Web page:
As anyone in business knows, contracts are a source of great stress. For companies with no in-house legal resources, they can cause confusion or fear of the unknown. For companies with in-house counsel, contracts can be the bane of their existence—reviewing contracts is the bread-and-butter of what the legal function does, but it can also be painful because the volume and pressures can be extraordinarily high. The legal team might not be meeting the turn-times that their business partners in sales or procurement expect, and the company might not have leverage to negotiate contracts effectively. Contracts present a confluence of potential problems, and a company that lacks a robust process to move things along can find itself in a position where the legal team members cannot meet the pace or demands of their business partners, or where the company is acquiescing and accepting terms that it might not understand and which can present undue risk.
If you are a company that has no in-house legal resources and you are concerned about the risk that critical contracts may be creating, contact Ephraim. He would be pleased to help you get a base understanding of what you should look for in contracts generally, and, when you are in a pinch, also available to help you negotiate and improve the contracts your business is asked to sign.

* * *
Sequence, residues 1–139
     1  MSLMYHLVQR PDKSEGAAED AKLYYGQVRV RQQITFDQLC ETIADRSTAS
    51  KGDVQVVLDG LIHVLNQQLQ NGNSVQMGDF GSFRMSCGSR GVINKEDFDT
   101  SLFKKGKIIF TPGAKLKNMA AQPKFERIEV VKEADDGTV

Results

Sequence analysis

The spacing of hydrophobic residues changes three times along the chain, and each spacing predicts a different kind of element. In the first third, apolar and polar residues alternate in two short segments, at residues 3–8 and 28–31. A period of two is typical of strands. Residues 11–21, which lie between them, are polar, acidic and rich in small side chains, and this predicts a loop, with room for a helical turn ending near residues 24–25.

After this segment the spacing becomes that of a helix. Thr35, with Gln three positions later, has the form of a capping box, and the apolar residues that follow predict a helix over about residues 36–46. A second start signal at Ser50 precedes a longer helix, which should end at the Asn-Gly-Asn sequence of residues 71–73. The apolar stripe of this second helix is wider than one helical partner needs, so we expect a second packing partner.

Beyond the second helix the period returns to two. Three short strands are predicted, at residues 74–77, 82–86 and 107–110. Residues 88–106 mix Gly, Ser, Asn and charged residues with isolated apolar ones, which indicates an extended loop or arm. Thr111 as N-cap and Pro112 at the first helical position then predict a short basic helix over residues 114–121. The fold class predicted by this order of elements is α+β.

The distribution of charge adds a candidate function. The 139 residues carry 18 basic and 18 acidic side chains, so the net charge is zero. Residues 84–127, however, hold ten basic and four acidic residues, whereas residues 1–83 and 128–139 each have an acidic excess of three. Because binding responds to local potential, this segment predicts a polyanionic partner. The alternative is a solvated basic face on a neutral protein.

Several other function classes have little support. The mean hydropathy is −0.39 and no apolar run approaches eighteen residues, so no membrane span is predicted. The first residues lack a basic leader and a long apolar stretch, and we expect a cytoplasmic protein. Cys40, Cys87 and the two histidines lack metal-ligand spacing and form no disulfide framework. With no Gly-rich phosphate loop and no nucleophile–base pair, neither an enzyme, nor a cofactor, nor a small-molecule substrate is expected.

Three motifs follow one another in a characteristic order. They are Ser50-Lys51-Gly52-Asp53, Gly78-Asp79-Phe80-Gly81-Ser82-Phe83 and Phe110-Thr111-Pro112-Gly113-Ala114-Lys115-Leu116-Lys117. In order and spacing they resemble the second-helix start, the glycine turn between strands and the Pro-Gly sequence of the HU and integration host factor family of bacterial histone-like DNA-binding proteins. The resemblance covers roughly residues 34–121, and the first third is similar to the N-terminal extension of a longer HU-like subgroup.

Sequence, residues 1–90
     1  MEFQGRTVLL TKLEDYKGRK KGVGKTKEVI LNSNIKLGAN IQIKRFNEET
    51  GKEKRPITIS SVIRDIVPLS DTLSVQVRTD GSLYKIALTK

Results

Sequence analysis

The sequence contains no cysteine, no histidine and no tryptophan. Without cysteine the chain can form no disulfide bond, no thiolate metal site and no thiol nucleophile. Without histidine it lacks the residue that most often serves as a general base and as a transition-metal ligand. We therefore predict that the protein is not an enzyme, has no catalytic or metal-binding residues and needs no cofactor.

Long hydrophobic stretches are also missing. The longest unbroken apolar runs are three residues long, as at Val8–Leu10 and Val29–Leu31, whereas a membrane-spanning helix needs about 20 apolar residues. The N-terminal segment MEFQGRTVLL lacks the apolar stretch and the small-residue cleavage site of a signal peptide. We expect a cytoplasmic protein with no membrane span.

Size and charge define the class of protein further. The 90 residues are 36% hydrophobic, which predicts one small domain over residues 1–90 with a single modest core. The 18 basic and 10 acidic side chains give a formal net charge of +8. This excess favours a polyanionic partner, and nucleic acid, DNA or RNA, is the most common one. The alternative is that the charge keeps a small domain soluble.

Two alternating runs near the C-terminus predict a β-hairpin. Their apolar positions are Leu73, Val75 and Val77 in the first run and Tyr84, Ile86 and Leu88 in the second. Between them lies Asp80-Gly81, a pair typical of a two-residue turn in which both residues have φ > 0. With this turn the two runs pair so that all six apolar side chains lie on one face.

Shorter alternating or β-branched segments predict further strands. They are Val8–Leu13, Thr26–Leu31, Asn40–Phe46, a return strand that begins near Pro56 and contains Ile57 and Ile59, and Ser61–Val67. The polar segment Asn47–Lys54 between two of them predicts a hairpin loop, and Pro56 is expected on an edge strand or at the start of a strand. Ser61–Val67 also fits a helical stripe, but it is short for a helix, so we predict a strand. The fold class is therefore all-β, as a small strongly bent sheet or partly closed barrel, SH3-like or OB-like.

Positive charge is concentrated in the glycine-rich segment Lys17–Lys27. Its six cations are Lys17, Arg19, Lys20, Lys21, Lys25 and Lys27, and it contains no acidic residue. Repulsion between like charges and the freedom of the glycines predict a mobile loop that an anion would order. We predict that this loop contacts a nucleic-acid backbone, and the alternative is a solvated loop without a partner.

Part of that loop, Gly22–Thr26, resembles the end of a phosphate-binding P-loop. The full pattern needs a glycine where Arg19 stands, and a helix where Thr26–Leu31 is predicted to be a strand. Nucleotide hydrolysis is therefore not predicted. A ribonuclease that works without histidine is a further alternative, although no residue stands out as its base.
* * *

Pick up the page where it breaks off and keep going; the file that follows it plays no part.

If you are with company that has in-house legal resources and contracts are a source of stress, you may benefit from a transactional process improvement (TPI) kaizen event. This is a cross-functional burst of work, typically 3-5 days, designed to map the key steps in your process, identify the bottlenecks and opportunities, prioritize them, and act on them. As you put your improvements in place, you can ensure that your contract reviews are right-sized and account for stakeholder input (e.g., Sales, Procurement, Finance, General Management), that you have defined criteria for what contract clauses are acceptable and which ones need to be escalated, and that you have standard work so that your legal team does not continually recreate the wheel every time they negotiate a contract. By the end of your TPI kaizen event, your company can have a contracts playbook and improved workflow to make the whole process more efficient and effective.